Nationalisation of Labour: Permanent Solution or Quick Fix?

Nationalisation of Labour: Permanent Solution or Quick Fix?

By Nadeen Alawadh

Oil has been the fundamental driving force of MENA economies since the 1970s. Its abundance and the resulting wealth generated within the region has served citizens of the Gulf tenfold, with benefits including various forms of subsidies and more importantly, a ‘silent agreement’ between nations and their constituents guaranteeing employment opportunities, specifically in the public sector.  

Readily available public sector employment opportunities have shaped GCC nationals’ expectations of considerably high wages and typically convenient working hours of questionable productivity, which is often higher in value and more lenient than what the private sector is able and willing to extend. This feature of the local labour force explains part of the reasoning of the private sector being more inclined to hire less costly foreign labour that is available in copious amounts in the region, that is easily exploitable due to lax labour right laws. As a result, a substantial gap in labour prices and labour rights between ex-pat workers and locals continues to undermine and prevent progress in the private employment of GCC nationals. The vast majority of Gulf countries display a disparity in the national workforce employed in the public sector versus the private sector. 

Undoing the damage of this silent agreement and encouraging the integration of nationals into the local labour markets remains a long-term obstacle to overcome to achieve fiscal sustainability. Taking into consideration the oil-price shocks that have exhausted government revenues, reduced GDP and led to budgetary deficits; both pre- and post-pandemic, a large public sector workforce constitutes a significant financial burden on MENA economies. Attaining a more balanced local labour market between the private and public sector has the potential to bring substantial economic benefits while preparing GCC nations and their citizens for the increasingly competitive international market. It would also provide governments with the opportunity to shift their revenues away from the burden of the excessive wage costs and towards reforms that achieve further economic diversification.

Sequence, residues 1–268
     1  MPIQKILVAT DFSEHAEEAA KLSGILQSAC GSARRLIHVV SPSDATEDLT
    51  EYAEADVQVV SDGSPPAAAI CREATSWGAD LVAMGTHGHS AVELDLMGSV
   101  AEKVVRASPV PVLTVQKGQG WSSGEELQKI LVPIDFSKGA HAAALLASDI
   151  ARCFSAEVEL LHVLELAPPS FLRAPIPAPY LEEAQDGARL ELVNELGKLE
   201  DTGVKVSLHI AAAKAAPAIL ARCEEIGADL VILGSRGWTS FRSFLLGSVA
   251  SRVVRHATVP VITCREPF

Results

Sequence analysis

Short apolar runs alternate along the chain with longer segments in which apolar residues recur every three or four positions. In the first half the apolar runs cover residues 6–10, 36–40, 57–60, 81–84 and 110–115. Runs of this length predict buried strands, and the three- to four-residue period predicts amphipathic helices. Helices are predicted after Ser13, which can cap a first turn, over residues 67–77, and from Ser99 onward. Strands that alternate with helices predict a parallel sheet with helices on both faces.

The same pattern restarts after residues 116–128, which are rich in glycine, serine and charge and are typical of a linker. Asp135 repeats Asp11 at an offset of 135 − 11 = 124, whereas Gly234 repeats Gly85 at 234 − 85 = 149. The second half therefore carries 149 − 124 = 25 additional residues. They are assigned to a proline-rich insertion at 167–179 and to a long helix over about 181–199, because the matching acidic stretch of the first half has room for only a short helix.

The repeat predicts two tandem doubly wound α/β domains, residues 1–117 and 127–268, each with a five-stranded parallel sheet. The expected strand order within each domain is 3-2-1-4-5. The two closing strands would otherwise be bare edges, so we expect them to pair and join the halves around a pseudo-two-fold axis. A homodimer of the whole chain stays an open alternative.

In an effort to reduce dependence on the expatriate workforce and restore balance within the local labour markets, a widely implemented policy of labour nationalisation quotas has been adopted by a majority of MENA countries. These policies include mandates that require private sector companies to reach a minimum target percentage of citizens on their payroll. The goal percentage is dependent on the specific industry and capped by the number of nationals available for hire. Governments have been using a carrot-and-stick approach when enforcing these policies:  companies that fail to comply with the specified hiring quota incur steep fines while those who exceed the targets are given the benefit of accelerated regulatory administration service benefits. More recently, these policies have been extended to the public sector as well, with some countries aiming for an entirely local public sector workforce, in an attempt to solve the rampant unemployment, especially amongst fresh graduates.